D. Description of Projected Reporting, Recordkeeping, and Other Compliance Requirements for Small Entities

59. The Second Further Notice proposes and seeks comment on rule changes that will affect reporting, recordkeeping, and other compliance requirements. In particular, the Second Further Notice proposes three alternatives for proceeding with the Commission's existing rural call completion recording, retention, and reporting rules for covered providers. One proposal would modify the recording, retention, and reporting requirements. Should the Commission adopt this proposal, such action could result in increased, reduced, or otherwise altered reporting, recordkeeping, or other compliance requirements for covered providers. Another proposal would retain the recording and retention requirements but eliminate the reporting requirement. A third proposal would eliminate the recording, retention, and reporting rules. Should the Commission adopt either of these proposals, we expect such action to reduce reporting, recordkeeping, and other compliance requirements. Specifically, the proposals should have a beneficial reporting, recordkeeping, or compliance impact on small entities because many providers will be subject to fewer such burdens. The Second Further Notice also proposes to require covered providers to monitor the rural call completion performance of their intermediate providers, and hold those intermediate providers accountable for such performance.

E. Steps Taken To Minimize the Significant Economic Impact on Small Entities, and Significant Alternatives Considered

60. The RFA requires an agency to describe any significant, specifically small business, alternatives that it has considered in reaching its proposed approach, which may include the following four alternatives (among others): (1) The establishment of differing compliance or reporting requirements or timetables that take into account the resources available to small entities; (2) the clarification, consolidation, or simplification of compliance and reporting requirements under the rules for such small entities; (3) the use of performance rather than design standards; and (4) an exemption from coverage of the rule, or any part thereof, for such small entities.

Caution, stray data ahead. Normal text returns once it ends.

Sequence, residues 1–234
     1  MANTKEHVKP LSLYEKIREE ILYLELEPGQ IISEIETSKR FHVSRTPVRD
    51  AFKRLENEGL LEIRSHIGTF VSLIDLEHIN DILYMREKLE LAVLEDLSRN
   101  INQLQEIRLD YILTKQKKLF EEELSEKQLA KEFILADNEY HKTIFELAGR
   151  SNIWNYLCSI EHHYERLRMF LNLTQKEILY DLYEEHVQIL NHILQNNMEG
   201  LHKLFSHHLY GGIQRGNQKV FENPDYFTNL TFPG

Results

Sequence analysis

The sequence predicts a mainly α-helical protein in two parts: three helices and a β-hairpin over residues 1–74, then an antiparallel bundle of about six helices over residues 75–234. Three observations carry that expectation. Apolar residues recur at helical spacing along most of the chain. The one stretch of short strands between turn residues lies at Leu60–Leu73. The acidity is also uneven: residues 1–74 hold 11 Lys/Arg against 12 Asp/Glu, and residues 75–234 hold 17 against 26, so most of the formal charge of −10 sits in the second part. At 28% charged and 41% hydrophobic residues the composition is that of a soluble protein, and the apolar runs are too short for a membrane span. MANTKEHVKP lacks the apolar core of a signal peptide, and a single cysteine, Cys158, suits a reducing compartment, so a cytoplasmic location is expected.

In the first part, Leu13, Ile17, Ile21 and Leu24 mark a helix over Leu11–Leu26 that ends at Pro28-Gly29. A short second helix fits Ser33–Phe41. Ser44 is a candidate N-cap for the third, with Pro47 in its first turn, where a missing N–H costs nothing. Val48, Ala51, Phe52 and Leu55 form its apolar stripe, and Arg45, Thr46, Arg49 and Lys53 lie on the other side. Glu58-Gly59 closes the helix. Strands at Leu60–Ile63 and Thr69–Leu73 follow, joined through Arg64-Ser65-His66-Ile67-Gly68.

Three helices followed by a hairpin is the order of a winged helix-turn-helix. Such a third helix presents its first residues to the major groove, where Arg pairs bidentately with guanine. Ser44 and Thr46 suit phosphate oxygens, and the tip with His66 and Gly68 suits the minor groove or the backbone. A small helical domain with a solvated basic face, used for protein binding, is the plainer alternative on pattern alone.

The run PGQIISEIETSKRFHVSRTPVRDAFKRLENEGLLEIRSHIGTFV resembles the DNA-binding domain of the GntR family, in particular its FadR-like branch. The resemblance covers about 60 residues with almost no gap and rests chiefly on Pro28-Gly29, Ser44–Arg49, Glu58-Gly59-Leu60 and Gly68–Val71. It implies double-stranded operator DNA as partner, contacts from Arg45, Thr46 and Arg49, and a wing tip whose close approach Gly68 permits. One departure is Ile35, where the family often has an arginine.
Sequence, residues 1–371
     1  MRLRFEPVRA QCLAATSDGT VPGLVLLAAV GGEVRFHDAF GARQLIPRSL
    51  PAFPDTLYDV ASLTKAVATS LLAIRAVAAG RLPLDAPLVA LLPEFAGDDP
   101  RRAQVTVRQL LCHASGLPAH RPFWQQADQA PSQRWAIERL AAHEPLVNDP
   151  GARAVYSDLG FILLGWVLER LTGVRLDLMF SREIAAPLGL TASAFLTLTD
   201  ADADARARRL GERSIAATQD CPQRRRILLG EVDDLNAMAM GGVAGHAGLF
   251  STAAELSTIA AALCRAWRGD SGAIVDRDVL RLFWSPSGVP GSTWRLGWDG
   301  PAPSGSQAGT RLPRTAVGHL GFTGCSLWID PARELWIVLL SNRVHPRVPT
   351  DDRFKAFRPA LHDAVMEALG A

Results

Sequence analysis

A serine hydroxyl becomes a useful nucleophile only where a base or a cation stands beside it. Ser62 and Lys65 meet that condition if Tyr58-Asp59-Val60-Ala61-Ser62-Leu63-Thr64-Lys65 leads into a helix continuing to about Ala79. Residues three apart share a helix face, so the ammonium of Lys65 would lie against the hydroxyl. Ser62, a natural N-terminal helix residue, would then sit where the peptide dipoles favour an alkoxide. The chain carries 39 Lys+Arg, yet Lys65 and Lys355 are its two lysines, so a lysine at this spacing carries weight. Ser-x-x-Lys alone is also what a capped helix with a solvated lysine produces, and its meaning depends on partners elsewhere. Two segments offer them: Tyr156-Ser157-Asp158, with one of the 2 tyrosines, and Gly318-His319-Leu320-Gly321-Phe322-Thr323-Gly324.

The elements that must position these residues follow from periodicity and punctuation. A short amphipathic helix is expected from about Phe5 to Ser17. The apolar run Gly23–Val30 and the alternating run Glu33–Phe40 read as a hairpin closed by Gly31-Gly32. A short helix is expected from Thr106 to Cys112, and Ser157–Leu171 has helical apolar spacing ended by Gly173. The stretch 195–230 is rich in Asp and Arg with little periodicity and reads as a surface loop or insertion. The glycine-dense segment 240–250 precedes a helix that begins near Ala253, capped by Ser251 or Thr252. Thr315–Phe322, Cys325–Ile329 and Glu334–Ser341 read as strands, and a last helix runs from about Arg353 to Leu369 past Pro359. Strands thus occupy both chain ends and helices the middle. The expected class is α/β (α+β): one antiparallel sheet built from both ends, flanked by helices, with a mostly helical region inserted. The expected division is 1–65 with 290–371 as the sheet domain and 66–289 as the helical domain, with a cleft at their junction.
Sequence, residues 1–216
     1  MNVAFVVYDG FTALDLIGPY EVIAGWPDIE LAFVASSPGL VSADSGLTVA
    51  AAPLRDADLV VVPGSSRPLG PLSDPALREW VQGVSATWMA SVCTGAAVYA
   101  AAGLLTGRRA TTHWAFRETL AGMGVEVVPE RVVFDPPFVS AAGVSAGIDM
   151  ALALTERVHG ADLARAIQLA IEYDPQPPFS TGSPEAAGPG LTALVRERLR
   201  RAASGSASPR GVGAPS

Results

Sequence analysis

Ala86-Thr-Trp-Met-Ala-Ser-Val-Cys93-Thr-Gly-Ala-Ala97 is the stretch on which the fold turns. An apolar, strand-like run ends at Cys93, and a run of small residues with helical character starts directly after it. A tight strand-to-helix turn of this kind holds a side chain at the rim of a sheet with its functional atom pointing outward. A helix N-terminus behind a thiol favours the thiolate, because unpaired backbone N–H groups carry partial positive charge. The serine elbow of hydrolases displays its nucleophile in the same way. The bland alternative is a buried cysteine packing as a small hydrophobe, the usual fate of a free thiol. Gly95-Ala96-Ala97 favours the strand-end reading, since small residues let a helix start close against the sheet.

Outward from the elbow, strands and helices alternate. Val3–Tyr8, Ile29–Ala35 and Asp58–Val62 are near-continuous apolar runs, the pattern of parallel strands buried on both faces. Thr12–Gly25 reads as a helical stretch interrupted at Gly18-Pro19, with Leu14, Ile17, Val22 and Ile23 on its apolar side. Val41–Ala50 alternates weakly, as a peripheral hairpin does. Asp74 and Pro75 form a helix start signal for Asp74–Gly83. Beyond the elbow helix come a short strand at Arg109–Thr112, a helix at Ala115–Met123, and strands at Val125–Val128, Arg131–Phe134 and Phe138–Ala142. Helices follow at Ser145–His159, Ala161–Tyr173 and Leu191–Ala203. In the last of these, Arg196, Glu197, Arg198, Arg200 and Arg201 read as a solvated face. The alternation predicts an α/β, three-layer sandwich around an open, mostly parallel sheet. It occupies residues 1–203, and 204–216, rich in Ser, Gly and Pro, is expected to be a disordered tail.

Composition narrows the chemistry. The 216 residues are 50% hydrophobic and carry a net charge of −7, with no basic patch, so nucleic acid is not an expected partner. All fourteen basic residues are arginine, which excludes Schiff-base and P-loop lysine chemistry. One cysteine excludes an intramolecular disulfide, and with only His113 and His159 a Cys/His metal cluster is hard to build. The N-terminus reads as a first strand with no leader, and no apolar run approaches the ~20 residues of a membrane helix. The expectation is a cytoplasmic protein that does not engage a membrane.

61. The Second Further Notice seeks comment on three alternative proposals for proceeding with the Commission's recording, retention, and reporting requirements for covered providers. With respect to one of the alternatives (i.e., modifying the recording, retention, and reporting requirements), the Second Further Notice expressly seeks comment on the impact of such modifications on small providers. We anticipate that two of the alternatives (i.e., retaining the recording and retention requirements but eliminating the reporting requirement, or eliminating the recording, retention, and reporting requirements) would reduce compliance burdens for covered providers, and we seek comment on these alternative proposals. Additionally, the Second Further Notice seeks comment on whether smaller providers should be exempt from any new requirements applicable to covered providers and seeks comment on how to proceed with the existing Safe Harbor rule to further help reduce burdens on covered providers. The Second Further Notice also seeks comment on how to structure the proposal that covered providers monitor the performance of their intermediate providers so as to minimize burdens for small providers.

62. The Second Further Notice seeks comment on all of our proposals, as well as alternatives that could also address rural call completion problems while reducing burdens on small providers. In the Second Further Notice, we explicitly seek comment on the impact of our proposals on small providers. The Commission expects to consider the economic impact on small entities, as identified in comments filed in response to the Second Further Notice, in reaching its final conclusions and taking action in this proceeding.

F. Federal Rules That May Duplicate, Overlap, or Conflict With the Proposed Rules

63. None.

V. Procedural Matters

A. Ex Parte Rules

64. This proceeding shall be treated as a “permit-but-disclose” proceeding in accordance with the Commission's ex parte rules. Persons making ex parte presentations must file a copy of any written presentation or a memorandum summarizing any oral presentation within two business days after the presentation (unless a different deadline applicable to the Sunshine period applies). Persons making oral ex parte presentations are reminded that memoranda summarizing the presentation must (1) list all persons attending or otherwise participating in the meeting at which the ex parte presentation was made, and (2) summarize all data presented and arguments made during the presentation. If the presentation consisted in whole or in part of the presentation of data or arguments already reflected in the presenter's written comments, memoranda or other filings in the proceeding, the presenter may provide citations to such data or arguments in his or her prior comments, memoranda, or other filings (specifying the relevant page and/or paragraph numbers where such data or arguments can be found) in lieu of summarizing them in the memorandum. Documents shown or given to Commission staff during ex parte meetings are deemed to be written ex parte presentations and must be filed consistent with rule 1.1206(b). In proceedings governed by Rule 1.49(f) or for which the Commission has made available a method of electronic filing, written ex parte presentations and memoranda summarizing oral ex parte presentations, and all attachments thereto, must be filed through the electronic comment filing system available for that proceeding, and must be filed in their native format (e.g., .doc, .xml, .ppt, searchable .pdf). Participants in this proceeding should familiarize themselves with the Commission's ex parte rules.